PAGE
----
How to get into DnD

A surprising amount of people don’t know what DnD is or why people like it so much. If you’re one of those people who don’t know much about DnD or want to start playing and want to enjoy your game, have a seat in our tavern, have a sip of our dragon’s breath drought, and our seers shall help you see the truth behind this magnificent game!

Of course, before we can get you started, you do need a game and a group which we have a guide on how to start a campaign (the tips for finding players should work for finding a DM too), and how to write a campaign (if you want to DM, or you know someone that wants to DM) to get you started with the group and a game.

Getting Started

Players and DMs have similar needs, and so we’ll tackle the tips that can help you get into it, whether you’re one or the other. 

Starting, we have: playing the game and paying attention. Yeah, crazy, I know. If you turn off your games and your videos (you can use digital material to help you out), you’ll know what’s going on when everyone starts freaking out over something. But if you sit and watch the others at the table (Especially the DM), you’ll be able to do some incredible things, and none of the other tricks will work very well if you don’t follow this one. Your DM spends a lot of time working on the game, so on behalf of DMs out there: please don’t join games if you aren’t going to play them!

Next up, try to do something you really want to do, even if you don’t feel it’s quite possible, such as: Try to yeet the annoying NPC! If it’s in character, or anything similarly hilarious, your DM may have you roll, and you could have a hilarious scene from: aggressively hugging someone, to helping someone take an involuntary bath! Or anything in between! And it’s very gratifying to have your crazy ideas come to fruition when the DM says: Sure, go ahead and roll.

In line with trying ridiculous things, we have: trying new things. Whether you try a new class, a new race, or even a new rule/creation you/your DM has proposed. It’s simple, but exploration is always exciting if you embrace it and are rewarded well for it.

Sometimes, you may feel a bit shy to speak. It’s alright. Not everybody is ready to talk in front of friends, knowing you’re just speaking as a fictional character. That’s acting. But it’s more than just talking. It’s also motions, position, expression, and body language, so I have a tip: When speaking as your character, try to talk with your body and voice. This helps you feel more comfortable in your character, and the other players feel more comfortable and make the entire game more enjoyable for everyone.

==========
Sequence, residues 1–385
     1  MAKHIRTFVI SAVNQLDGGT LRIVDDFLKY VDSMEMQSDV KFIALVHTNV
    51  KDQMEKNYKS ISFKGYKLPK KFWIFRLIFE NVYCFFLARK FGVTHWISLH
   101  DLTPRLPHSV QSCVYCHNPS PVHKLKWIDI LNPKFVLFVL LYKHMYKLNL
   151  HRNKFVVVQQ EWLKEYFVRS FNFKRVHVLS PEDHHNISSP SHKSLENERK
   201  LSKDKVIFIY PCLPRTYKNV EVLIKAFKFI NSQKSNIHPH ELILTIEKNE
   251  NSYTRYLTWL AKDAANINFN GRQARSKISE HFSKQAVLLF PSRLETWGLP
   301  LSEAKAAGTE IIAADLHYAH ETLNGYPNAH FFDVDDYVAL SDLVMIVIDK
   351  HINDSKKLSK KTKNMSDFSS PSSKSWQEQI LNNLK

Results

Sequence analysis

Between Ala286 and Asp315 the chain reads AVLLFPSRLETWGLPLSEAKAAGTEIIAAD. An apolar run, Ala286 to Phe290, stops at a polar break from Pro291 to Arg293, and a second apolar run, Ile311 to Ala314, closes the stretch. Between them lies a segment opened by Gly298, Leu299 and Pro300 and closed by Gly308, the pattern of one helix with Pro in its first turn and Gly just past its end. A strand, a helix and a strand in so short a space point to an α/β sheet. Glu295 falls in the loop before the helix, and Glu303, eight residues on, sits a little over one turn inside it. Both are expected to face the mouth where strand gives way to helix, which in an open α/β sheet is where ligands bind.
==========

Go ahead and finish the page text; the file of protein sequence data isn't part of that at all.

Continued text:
And now that we have acting in place, we finally have: Look for action. You will be tempted to grind and grind until you have the items you’re looking for. Also, DM TIP: When your players have something that they’d need to grind for to progress, provide varying quests that would reward the players with what they need to “grind” for, make them fun and different. But if you feel you aren’t having much fun, try to look for a bit of action in the world or a change of pace. Also, don’t be afraid to accelerate the plot because people aren’t as engaged.

For my last tip: make sure you have a good group. This is so vital to having a good game. If your DM isn’t allowing you to try new things (a high DC or your rolls being bad do not count), or the other players are hogging the spotlight (don’t forget to let them have some time in it), or any/all of the players are toxic, that can kill the mood. Also, leave arguments and disagreements at the door. If you have a bad group, you won’t be having fun because they’ll drag the game on over the most minor issue and won’t move on. Nothing different will be going on. You may be given the short end of the stick for all equipment, healers not doing their job, tanks being in the back lines, spellcasters running into the fray and never paying attention or simply never knowing which spell to cast, skirmishers trying to do something else, and the one greedy player trying to take all the loot for themselves. However you slice it, a bad group can ruin your experience. If you have one of these experiences, try posting on r/RPGHorrorStories. If you want more examples of how a game can turn sour, that’s also a reason to visit that subreddit.

Diving Deeper

There are probably more ways to engage with the game, but if you want to get started, these tips should suffice. However, if you’re going to get even deeper into DnD, try to bring your interests into the game, even if it’s primarily little nods. If you’re good at art, try drawing some character art or having a character that likes to paint, and if you’re good at geology, try to say something about a random rock you/your party finds. But bring your interests in without going overboard (e.g., refusing to stop talking, even if out of character, people are telling you to stop).

Once you find yourself into DnD, it’s hard to get yourself out of it. And you’ll want to bring others into it. However, as much as I’d love to DM for many groups, I don’t have enough Simulacrums, though I might want to program an Auto DM that can run a game, with player votes on possibilities that aren’t accounted for (e.g., trying to run up a wall), combined with a dungeon generator… Maybe I’ll write an entire Virtual Tabletop someday with these features, and that’ll work for me. But I hope that after reading this, you have an idea of what DnD is, and why it’s so fun to play.

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